Like many other people I have spent the last couple of weeks getting used to ‘the new normal’ (again, like a lot of people simultaneously trying to be a professional, a mother, teacher, fitness instructor, cook, cleaner….the list goes on….24/7!) I have had a chance to reflect on lots of things….including my own work, my clients, couples trying to plan their weddings and what the current situation might mean for the wedding industry as a whole.  

Things seem to be changing on a daily basis and can feel very uncertain for everyone, but I have had a few thoughts about navigating through these tricky times if you have a wedding booked for this year or are still planning your wedding. 

 

What if you already have a wedding booked with me?

 

I have already been in touch with all my couples getting married in the next 6 months to see how they are doing and discuss what impact the coronavirus may have for them. Most people getting married between now and the end of May have already had to postpone their wedding until a later date (with several venues giving you up to 18 months to do this which is really helpful). I know some people are still trying to find out what their venue’s policy is on this and that may become a bit clearer when the Government reviews the lockdown and social distancing measures over the coming weeks. 

I am working with those couples who are in the process of postponing their Spring or early Summer wedding to the Autumn or next year to make sure I can be available and I have simply moved their deposit to the new date without anything else changing.  I plan to do the photographs for every wedding I have booked, even if it happens a bit later and I will continue to do that if the lockdown is extended and affects weddings later on in the year.  

 

What if you are trying to plan your wedding?

 

If you are still in the planning stages and wondering what to make of it all then it may be helpful to bear a few things in mind.

If you haven’t yet booked but it is important to you for whatever reason to get married this year, there is a general feeling in the industry that, by the time we get to the late Summer or Autumn time, things will have calmed down and weddings will be able to go ahead again.  Once venues and suppliers have rearranged their current weddings, there will still be dates available for later on in 2020 and 2021, even if there is less availability than there might usually be because of rearranged weddings.  Lots of people will want to use their wedding as an opportunity to get together with those people they haven’t been able to see over the last while and, so far, the evidence from other countries is that normal life is returning after several months of tighter restrictions.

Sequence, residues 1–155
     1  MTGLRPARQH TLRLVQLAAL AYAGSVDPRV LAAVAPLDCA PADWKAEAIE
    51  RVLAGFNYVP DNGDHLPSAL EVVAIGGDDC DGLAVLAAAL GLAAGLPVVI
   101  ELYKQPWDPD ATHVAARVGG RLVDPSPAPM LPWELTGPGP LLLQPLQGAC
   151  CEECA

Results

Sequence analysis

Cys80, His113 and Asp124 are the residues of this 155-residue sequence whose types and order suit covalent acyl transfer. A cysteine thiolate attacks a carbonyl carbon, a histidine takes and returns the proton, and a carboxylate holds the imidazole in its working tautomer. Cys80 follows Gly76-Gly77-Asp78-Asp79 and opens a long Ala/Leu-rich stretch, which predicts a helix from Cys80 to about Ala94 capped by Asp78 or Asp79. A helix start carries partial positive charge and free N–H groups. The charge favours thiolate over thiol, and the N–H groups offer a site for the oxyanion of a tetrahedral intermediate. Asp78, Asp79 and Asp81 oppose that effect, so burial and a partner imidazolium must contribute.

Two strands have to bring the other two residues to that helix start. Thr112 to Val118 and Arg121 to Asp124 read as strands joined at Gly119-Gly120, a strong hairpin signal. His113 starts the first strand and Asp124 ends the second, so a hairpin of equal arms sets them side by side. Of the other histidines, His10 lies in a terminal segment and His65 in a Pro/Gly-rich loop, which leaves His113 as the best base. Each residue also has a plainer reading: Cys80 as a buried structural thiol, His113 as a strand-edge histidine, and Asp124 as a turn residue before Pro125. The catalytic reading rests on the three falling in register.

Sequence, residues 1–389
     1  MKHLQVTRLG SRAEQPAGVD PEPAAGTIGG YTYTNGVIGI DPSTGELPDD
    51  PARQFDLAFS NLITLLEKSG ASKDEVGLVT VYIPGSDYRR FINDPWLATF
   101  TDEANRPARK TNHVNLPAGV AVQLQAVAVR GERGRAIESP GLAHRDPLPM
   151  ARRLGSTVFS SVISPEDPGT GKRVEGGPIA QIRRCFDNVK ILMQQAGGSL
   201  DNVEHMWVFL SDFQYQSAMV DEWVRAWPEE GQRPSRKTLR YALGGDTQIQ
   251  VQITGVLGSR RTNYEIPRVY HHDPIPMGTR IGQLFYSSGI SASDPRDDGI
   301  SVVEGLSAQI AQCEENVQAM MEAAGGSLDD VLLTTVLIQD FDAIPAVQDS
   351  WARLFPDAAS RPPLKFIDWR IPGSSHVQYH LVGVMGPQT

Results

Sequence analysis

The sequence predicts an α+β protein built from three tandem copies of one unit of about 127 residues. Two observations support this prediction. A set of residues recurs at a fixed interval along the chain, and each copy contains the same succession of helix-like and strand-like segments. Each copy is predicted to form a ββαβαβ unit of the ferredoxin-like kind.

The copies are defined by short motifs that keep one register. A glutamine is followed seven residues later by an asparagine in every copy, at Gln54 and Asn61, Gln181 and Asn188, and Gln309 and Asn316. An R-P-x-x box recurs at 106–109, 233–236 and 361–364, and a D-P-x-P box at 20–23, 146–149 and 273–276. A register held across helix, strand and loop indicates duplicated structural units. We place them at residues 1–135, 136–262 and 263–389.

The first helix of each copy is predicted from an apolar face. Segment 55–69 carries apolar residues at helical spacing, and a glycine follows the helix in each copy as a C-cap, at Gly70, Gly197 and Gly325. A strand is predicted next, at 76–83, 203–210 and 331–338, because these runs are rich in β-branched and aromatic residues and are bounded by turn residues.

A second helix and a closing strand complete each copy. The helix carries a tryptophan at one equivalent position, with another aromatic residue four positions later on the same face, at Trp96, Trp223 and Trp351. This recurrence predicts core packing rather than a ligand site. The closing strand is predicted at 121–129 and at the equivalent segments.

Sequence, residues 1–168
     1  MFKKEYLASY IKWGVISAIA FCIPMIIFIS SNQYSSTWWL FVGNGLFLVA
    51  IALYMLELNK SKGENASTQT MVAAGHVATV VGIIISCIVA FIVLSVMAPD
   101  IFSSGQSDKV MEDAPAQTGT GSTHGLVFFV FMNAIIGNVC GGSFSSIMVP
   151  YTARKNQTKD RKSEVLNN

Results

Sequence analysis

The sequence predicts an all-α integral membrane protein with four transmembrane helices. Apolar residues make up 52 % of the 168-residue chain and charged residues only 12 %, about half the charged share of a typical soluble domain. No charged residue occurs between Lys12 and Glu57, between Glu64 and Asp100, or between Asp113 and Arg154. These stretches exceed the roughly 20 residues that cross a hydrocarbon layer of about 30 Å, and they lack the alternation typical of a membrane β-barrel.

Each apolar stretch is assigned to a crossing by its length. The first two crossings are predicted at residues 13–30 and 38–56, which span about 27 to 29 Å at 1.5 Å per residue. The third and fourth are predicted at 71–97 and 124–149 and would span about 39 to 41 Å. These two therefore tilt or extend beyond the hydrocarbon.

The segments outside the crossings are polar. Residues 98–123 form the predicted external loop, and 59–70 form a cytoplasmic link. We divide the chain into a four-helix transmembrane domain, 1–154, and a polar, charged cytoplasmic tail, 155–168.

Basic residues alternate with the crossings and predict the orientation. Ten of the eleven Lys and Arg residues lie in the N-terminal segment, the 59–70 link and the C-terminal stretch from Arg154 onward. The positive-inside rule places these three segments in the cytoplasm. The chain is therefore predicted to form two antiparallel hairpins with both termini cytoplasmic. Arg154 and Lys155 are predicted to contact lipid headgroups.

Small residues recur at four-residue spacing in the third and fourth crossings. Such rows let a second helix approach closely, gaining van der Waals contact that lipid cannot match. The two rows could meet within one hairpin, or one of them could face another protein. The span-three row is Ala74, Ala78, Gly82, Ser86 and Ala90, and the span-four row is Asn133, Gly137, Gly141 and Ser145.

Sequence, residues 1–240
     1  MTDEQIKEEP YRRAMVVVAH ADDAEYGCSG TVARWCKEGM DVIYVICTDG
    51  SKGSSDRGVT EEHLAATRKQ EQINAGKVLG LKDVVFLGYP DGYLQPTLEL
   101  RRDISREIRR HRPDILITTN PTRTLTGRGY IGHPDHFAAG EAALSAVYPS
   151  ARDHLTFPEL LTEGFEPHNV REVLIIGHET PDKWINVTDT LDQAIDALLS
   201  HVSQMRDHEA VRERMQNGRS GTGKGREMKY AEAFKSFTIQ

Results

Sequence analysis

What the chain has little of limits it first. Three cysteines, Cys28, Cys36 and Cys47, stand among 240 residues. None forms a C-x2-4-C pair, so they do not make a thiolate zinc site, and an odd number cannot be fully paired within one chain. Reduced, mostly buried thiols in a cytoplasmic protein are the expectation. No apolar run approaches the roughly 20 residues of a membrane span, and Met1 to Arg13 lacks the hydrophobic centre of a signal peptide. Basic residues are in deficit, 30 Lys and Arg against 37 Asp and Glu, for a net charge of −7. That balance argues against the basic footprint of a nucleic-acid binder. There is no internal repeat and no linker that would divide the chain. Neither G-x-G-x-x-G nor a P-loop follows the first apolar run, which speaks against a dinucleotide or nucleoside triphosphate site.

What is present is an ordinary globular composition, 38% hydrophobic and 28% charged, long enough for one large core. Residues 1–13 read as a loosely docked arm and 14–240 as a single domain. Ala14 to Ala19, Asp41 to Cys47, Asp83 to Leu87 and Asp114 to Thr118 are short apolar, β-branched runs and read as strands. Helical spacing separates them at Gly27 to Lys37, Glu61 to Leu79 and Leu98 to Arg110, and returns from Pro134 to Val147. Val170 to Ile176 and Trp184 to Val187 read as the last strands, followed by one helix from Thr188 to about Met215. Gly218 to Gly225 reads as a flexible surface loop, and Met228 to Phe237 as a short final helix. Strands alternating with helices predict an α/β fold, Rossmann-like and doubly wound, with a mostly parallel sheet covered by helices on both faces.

There may still be some level of travel restrictions in place even later in the year, so weddings involving friends or family who live abroad may not be possible and this could also affect some UK based guests. This may mean a smaller event than you might otherwise have planned.  If you do not already have an insurance policy, all the main insurers will not provide cover for coronavirus related cancellations going forward.  Even most existing policies may not cover the virus as it is so new.  If this makes you understandably concerned about the financial side of things, you may find that suppliers are understanding and a little more flexible with deposits for weddings later on this year and next year, perhaps requiring a reduced deposit or payment closer to the date.  If you want to be sure you are covered just pay any deposits on a credit card and then you are protected anyway.  

You may find it takes longer to have some things delivered, for example China and Italy are two of the biggest exporters of wedding dresses to the UK and the pandemic has slowed this down. The British Bridal Suppliers Association (BBSA) is advising brands to alter their standard delivery times so it will help if you build in more time than you would usually.